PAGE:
Physiotherapy practice education in a seven-day model of working
: an exploratory study

  • Sarah Caroline Elliott

    Student thesis: Doctoral Thesis


    The purpose of this study was to gain a deeper understanding of practice education in a seven-day model of working within physiotherapy. Many physiotherapy services are now providing a seven-day service, so student placements may be offered across a seven-day week instead of the traditional five. This is a transitioning experience for physiotherapy students, practice educators and universities alike, and currently little evidence exists on this topic.

    A qualitative interpretive approach informed by phenomenology was taken. A purposive sample of six physiotherapy students, six practice educators and three university link tutors were asked to talk in a semi-structured interview about their experiences of practice placements hosted across a seven-day model of working. Thematic analysis through a lens of communities of practice and legitimate peripheral participation was used to interpret and present the findings. Ethical approval was sought and gained from the University of Brighton’s Faculty of Health and Social Science Research Ethics and Governance Committee.

    Three interrelated themes emerged from the data: barriers, challenges and changes within physiotherapy practice education in a seven-day model of working. Findings suggest that physiotherapy practice education in a seven-day model does offer a unique learning opportunity in an authentic and relevant context which assists in preparing physiotherapy graduates for future practice through legitimate peripheral participation. Additionally, practice educators, physiotherapy students and academics all demonstrate the opinion that there is a requirement for the profession to deliver a seven-day physiotherapy service so to improve patient care. This study identified that there are challenges to learning in a seven-day model due to inconsistent working patterns which physiotherapy students feel have a direct link to their performance. These inconsistent working patterns also challenge team dynamics, caseload management and clinical reasoning. This study has also highlighted that the construction of a professional identity within seven-day practice placements is complex but can be linked to personal, practice and professional constructs. Further research into further potential pedagogical approaches to seven-day practice education is recommended.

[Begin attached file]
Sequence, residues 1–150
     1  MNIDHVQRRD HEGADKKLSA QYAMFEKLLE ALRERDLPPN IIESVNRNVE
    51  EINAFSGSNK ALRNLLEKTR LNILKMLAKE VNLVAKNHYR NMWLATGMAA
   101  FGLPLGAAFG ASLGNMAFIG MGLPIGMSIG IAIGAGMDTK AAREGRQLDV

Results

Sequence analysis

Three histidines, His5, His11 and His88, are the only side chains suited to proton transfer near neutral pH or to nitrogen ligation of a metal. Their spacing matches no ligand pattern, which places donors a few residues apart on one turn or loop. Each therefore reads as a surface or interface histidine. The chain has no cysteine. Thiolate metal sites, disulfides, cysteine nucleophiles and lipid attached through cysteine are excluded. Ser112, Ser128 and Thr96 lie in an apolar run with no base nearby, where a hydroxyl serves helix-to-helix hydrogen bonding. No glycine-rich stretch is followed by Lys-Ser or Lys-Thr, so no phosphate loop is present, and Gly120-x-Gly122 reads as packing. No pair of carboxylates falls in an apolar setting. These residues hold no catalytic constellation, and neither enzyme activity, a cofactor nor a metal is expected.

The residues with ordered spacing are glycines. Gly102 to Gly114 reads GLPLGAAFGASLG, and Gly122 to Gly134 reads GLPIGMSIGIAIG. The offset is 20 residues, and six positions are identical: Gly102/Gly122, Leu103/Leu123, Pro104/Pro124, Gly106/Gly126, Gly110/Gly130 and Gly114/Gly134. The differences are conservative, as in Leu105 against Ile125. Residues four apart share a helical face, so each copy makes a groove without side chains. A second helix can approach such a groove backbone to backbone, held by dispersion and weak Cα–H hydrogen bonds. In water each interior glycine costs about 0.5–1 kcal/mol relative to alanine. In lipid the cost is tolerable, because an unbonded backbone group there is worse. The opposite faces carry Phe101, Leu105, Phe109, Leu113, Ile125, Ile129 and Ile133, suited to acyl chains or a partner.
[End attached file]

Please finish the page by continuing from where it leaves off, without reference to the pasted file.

The findings of this study contribute new knowledge to physiotherapy practice education on the impact of inconsistent working patterns that are experienced during seven-day working that have not previously been identified or discussed.
    Date of AwardMay 2019
    Original languageEnglish
    Awarding Institution
    • University of Brighton
    SupervisorAngela Glynn (Supervisor) & Jane Morris (Supervisor)

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